AppName: "Basic Go Server",
		AppVersion: "1.0.0",
		AppEnvironment: "production",

	http.HandleFunc(agent.ProfileHandlerFunc("/", handler)) 
	http.ListenAndServe(":8080", nil)

Focused profiling

Focused profiling is suitable for repeating code, such as request or event handlers. By default, the agent starts and stops profiling automatically. In order to make sure the agent profiles the most relevant execution intervals, the following methods can be used. In addition to more precise profiling, timing information will also be reported for the profiled spans.

// Use this method to instruct the agent to start and stop 
// profiling. It does not guarantee that any profiler will be 
// started. The decision is made by the agent based on the 
// overhead constraints. The method returns Span object, on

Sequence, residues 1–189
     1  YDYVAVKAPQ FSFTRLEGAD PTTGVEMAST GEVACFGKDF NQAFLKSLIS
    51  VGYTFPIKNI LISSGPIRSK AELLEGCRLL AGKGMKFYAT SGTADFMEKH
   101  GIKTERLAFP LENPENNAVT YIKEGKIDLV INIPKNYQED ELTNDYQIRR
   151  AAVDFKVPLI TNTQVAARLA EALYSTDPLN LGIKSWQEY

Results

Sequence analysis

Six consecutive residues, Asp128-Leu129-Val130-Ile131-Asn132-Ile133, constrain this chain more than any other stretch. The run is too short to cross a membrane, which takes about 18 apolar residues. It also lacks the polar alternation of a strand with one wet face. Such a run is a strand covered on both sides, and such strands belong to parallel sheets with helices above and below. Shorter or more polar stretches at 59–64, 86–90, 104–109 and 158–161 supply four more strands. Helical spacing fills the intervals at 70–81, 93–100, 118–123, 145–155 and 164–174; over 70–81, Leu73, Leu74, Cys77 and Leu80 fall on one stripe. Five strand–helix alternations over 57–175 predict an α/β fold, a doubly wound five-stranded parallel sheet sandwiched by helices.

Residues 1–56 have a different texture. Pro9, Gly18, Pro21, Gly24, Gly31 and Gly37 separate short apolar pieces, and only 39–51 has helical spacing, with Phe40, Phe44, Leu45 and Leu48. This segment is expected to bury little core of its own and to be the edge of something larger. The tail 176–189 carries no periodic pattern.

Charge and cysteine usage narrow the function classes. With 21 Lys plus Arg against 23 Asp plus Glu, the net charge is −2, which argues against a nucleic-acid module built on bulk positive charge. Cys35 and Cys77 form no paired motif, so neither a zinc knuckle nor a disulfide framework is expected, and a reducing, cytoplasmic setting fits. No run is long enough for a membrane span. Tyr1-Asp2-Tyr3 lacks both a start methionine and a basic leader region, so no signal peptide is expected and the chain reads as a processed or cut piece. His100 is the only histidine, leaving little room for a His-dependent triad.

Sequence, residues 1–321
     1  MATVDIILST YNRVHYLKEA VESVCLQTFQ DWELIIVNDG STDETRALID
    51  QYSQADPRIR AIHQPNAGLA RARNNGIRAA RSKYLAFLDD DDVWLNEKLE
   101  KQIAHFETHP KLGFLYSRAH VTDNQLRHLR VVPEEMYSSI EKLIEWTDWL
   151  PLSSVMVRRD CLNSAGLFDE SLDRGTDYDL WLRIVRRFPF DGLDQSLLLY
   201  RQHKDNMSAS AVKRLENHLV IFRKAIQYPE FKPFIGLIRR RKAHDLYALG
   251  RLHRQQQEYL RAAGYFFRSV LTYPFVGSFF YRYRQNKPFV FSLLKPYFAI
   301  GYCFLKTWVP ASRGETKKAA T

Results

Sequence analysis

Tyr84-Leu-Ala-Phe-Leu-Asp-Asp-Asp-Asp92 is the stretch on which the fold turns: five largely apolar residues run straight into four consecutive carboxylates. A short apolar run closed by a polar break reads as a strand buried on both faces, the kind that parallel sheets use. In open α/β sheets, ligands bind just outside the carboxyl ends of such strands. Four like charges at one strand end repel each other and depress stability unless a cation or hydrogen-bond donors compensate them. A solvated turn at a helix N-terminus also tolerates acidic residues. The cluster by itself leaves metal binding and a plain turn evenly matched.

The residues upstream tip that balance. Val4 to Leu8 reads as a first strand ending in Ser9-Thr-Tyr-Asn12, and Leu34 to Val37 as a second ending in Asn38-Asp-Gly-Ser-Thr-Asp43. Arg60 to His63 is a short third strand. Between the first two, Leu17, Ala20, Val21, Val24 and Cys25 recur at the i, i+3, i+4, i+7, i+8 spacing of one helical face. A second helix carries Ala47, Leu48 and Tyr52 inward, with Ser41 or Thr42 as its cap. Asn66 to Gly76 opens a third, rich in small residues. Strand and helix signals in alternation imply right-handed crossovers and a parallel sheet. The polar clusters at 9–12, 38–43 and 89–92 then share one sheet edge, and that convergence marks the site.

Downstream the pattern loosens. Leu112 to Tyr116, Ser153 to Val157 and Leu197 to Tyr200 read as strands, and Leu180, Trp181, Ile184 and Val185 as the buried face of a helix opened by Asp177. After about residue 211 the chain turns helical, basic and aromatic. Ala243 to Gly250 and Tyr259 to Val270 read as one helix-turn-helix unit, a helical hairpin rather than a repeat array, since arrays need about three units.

// which the Stop() method should be called. 
span := agent.Profile();
defer span.Stop();
// This method is similar to the Profile() method. It additionally
// allows to specify a span name to group span timing measurements.
span := agent.ProfileWithName(name);
defer span.Stop();
// A helper function to profile HTTP handler execution by wrapping 
// http.Handle method parameters.
// Usage example:
//   http.Handle(agent.ProfileHandler("/some-path", someHandler))
pattern, wrappedHandler := agent.ProfileHandler(pattern, handler)
// A helper function to profile HTTP handler function execution 
// by wrapping http.HandleFunc method parameters.
// Usage example:
//   http.HandleFunc(agent.ProfileHandlerFunc("/some-path", someHandlerFunc))
pattern, wrappedHandlerFunc := agent.ProfileHandlerFunc(pattern, handlerFunc)

Error reporting